Friday, July 28, 2017

Motvational Frameworks

All of us know the conflicts that take place inside our heads. One part of us may desperately want to lose weight while another desperately wants to eat ice cream. This can lead to stressful circumstances where our we are constantly inhibiting ourselves from achieving our goals. How we consider our goals and the way we consciously consider motivation plays a large role in our ability to achieve what we want in life. This can be seen with the popular idea of the law of attraction. The law of attraction, put simply, embodies this idea that if we just think hard enough and visualize ourselves as what we want to be our consciousness will bend our reality to achieve those goals. This idea is certainly attractive, no pun intended, and I would not deny this entirely though I think that there are serious caveats to this that many people who accept this idea do not realize. The reality is that visualizing our goals is only part of achieving them and no matter how long one picture themselves to be a billionaire this cannot guarantee it will be so.

Motivation lays the groundwork for the steps we need to take to achieve our goals. How we motivate ourselves is largely induced by the emotions we feel when taking the steps necessary to achieve what we want in life. Visualizing who we want to be affects the emotions we attribute to our goals. This is an important part of actualizing what we want but we can't neglect how we frame our motivations as this is perhaps the most important part of success. Conscious awareness of the conceptual frameworks we use to achieve what we want is the foundation of all goals. Having a thorough understanding of the psychology underlying all of this will significantly help us become who we want to be without fixating on simple visual exercises, but instead embody a wide variety of techniques that can help in the pursuit of our stated goals. Using these ideas we create a more unified picture of who we are and less conflict takes place in our minds. An example, it is better to believe that you are a person who is health driven than to say "I won't eat ice cream" and visualizing yourself not eating ice cream will probably have the opposite effect. Telling yourself you won't do something creates the idea of a sort of punishment in order to achieve a goal, while telling yourself you are health driven paints a picture of yourself more in terms of reward. When considering many of your goals, like say dieting, it is better to frame it in terms of "I will" instead of "I won't." Next time you see yourself saying "I won't eat unhealthy" instead try and frame it in terms of "I will eat healthy." This leads to an association of positive emotions with healthy eating instead of the more negative emotions affiliated with not eating delicious, though unhealthy foods.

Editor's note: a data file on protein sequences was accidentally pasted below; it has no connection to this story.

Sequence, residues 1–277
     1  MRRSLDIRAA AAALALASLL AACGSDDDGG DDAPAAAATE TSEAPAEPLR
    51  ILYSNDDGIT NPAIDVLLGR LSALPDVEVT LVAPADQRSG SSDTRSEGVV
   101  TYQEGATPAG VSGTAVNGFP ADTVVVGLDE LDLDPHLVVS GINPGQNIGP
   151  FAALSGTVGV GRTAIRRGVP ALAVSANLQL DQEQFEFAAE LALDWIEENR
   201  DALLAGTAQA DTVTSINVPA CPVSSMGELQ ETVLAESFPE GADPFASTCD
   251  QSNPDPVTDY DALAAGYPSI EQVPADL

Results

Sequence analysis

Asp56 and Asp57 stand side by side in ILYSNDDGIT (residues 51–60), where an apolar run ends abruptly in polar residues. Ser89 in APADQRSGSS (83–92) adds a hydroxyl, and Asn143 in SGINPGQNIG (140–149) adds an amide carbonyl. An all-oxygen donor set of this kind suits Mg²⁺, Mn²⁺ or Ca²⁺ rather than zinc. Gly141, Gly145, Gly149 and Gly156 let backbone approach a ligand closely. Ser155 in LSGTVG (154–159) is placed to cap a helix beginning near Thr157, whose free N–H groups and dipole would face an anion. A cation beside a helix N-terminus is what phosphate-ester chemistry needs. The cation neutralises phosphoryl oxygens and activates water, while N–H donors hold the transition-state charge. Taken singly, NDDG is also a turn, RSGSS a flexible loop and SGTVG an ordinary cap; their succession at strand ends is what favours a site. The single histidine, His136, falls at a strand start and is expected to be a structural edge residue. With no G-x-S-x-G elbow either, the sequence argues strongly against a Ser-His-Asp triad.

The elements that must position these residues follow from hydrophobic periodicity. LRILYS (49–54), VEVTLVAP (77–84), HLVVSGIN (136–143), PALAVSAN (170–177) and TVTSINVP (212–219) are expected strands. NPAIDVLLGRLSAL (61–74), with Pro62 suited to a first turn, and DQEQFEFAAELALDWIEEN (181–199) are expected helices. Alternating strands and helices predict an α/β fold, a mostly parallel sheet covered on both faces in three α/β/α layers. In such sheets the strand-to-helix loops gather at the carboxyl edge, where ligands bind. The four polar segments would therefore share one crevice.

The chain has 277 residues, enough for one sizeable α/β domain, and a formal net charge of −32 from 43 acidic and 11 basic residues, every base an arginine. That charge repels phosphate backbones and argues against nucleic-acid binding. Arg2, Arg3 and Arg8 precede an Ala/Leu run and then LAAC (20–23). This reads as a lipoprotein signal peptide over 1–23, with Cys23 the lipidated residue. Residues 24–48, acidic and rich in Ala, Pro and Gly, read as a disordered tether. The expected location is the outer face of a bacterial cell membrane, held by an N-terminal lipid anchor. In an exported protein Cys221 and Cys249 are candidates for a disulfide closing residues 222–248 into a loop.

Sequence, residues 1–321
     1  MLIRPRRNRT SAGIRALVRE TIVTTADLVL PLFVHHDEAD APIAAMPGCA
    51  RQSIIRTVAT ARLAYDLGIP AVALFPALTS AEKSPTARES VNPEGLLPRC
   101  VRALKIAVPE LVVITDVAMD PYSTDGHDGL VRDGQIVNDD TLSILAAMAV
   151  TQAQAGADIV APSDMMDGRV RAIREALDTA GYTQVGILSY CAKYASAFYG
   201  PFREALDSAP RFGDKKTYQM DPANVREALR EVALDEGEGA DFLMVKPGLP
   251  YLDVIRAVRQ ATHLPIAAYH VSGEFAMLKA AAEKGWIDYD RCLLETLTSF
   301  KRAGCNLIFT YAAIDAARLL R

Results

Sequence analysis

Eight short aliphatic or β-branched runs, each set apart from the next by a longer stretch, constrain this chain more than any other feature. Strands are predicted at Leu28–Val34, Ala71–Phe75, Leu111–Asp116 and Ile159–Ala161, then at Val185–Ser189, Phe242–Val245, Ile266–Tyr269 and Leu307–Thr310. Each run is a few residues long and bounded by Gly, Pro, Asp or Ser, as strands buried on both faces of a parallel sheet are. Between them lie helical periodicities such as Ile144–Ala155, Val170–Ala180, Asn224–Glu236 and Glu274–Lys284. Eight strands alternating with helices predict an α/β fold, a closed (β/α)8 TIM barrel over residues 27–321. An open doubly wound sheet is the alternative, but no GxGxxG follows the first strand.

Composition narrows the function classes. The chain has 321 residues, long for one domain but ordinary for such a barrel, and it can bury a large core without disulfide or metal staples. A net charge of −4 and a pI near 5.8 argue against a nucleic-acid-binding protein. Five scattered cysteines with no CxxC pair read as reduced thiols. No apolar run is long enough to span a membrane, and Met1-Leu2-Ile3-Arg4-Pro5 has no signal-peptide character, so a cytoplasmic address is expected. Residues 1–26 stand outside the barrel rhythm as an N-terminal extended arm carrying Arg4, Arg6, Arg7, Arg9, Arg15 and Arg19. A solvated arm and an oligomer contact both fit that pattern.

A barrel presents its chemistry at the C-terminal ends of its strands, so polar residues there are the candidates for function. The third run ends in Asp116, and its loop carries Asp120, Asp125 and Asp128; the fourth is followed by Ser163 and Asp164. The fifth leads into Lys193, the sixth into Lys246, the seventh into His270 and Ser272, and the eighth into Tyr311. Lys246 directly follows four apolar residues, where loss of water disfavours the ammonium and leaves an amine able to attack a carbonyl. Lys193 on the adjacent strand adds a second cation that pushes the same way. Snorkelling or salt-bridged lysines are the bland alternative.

Jordan Peterson, a clinical psychologist from Canada offers some amazing insights into how motivation takes place in our minds that can be useful when trying to consider our goals and how to achieve them:

No comments:

Post a Comment